Hodgkin Lymphoma Adult
Cancer occurs when cells in the body—in this case a type of white blood cell called lymphocyte—divide without control or order. If cells keep dividing uncontrollably when new cells are not needed, a mass of tissue forms, called a growth or tumor. The term cancer refers to malignant tumors, which can invade nearby tissue and can spread to other parts of the body. A benign tumor does not invade or spread.
The exact causes that lead to Hodgkin lymphoma are unknown. It is likely related to complex genetic and environmental factors that lead to changes in the immune system. There is some compelling evidence to suggest an association with certain viral infections such as Epstein-Barr virus (EBV) or HIV.
Hodgkin lymphoma is more common in men and people ages 15-40 and over 55 years of age. Other factors that may increase your chance of Hodgkin lymphoma include:
- Family history
- History of infectious mononucleosis or infection with Epstein-Barr virus, which causes mononucleosis
- Weakened immune system, including infection with HIV or the presence of AIDS
You will be asked about your symptoms and medical history. A physical exam will be done, paying particular attention to your lymph nodes.
Your bodily fluids and tissues may be tested. This can be done with:
- Blood tests
- Lymph node biopsy
Your internal bodily structures may need to be viewed. This can be done with:
- CT scan
- PET/CT scan
- Gallium scan
Abdominal surgery may be needed to remove the spleen and to biopsy the liver. This is not common because of the accuracy of noninvasive scans.
Hodgkin lymphoma is generally considered one of the more curable forms of cancer. Treatment options include:
Chemotherapy and External Radiation Therapy
Chemotherapy is the use of drugs to kill cancer cells. Chemotherapy may be given in many forms, including pill, injection, and via a catheter. The drugs enter the bloodstream and travel through the body killing mostly cancer cells, but also some healthy cells.
In radiation therapy, radiation is directed at the tumor from a source outside the body to kill the cancer cells.
In many cases, both chemotherapy and radiation are used to treat Hodgkin lymphoma. The choice of treatments will be based on:
- Extent of the disease
- Location of the affected lymph node(s)
- Other factors that your doctor will discuss with you
It is important that you be seen by both the medical oncologist to discuss chemotherapy and the radiation oncologist to discuss the radiation therapy. The best treatment results come from a discussion and integrated approach.
If the cancer does not respond to chemotherapy or radiation, the outcome is usually poor. There are some treatment options available, including:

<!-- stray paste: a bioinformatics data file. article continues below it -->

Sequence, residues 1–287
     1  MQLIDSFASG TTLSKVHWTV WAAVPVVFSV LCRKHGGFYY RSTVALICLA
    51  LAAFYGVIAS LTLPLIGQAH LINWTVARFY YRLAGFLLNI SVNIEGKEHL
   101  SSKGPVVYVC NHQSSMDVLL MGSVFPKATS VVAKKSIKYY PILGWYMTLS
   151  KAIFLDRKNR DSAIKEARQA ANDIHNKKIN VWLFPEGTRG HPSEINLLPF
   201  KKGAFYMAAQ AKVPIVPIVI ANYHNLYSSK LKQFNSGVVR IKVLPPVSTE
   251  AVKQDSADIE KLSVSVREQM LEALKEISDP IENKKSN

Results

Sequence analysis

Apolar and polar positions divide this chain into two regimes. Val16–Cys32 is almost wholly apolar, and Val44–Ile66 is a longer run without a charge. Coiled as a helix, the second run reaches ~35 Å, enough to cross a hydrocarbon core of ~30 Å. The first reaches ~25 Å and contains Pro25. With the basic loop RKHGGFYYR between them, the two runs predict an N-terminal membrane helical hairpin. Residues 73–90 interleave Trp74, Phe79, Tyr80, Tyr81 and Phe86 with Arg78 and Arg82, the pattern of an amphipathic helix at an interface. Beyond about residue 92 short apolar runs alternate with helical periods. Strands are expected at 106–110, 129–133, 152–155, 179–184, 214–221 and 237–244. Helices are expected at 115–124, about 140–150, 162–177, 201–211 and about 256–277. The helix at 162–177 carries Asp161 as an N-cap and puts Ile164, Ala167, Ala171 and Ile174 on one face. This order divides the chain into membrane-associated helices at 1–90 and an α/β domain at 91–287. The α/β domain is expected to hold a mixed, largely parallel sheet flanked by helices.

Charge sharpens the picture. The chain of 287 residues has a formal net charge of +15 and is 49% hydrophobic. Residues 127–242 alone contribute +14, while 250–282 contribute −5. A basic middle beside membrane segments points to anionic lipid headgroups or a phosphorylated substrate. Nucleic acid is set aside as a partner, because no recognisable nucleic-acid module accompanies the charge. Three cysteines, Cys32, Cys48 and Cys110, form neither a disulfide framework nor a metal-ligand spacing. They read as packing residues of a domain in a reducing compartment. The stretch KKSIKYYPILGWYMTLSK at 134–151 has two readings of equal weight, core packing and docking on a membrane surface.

- Bone marrow transplant—Bone marrow is removed. Large doses of chemotherapy and/or radiation therapy are then applied to kill the cancer cells. After treatment, the bone marrow is replaced via a vein. Transplanted bone marrow may be from your bone marrow that was treated to remove cancer cells or marrow from a healthy donor.
- Peripheral blood stem cell transplant—Stem cells are very immature cells that produce blood cells. They are removed from circulating blood before chemotherapy or radiation treatment and then replaced after treatment.
Splenectomy is the surgical removal of the spleen, an organ that is part of the lymphatic system. In some cases, splenectomy is recommended in people who have lymphoma.
This content is reviewed regularly and is updated when new and relevant evidence is made available. This information is neither intended nor implied to be a substitute for professional medical advice. Always seek the advice of your physician or other qualified health provider prior to starting any new treatment or with questions regarding a medical condition.
Edits to original content made by Denver Health.
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a (Hodgkin Disease—Adult)
American Cancer Society https://www.cancer.org
Leukemia & Lymphoma Society http://www.lls.org
Canadian Cancer Society https://www.cancer.ca
Lymphoma Canada https://www.lymphoma.ca
Adult Hodgkin lymphoma treatment (PDQ)—patient version. National Cancer Institute website. Available at: https://www.cancer.gov/types/lymphoma/patient/adult-hodgkin-treatment-pdq. Updated April 20, 2017. Accessed March 29, 2018.
Hodgkin lymphoma. American Cancer Society website. Available at: https://www.cancer.org/cancer/hodgkin-lymphoma.html. Accessed March 29, 2018.
Hodgkin lymphoma (HL). EBSCO DynaMed Plus website. Available at: http://www.dynamed.com/topics/dmp~AN~T114957/Hodgkin-lymphoma-HL . Updated November 22, 2016. Accessed March 29, 2018.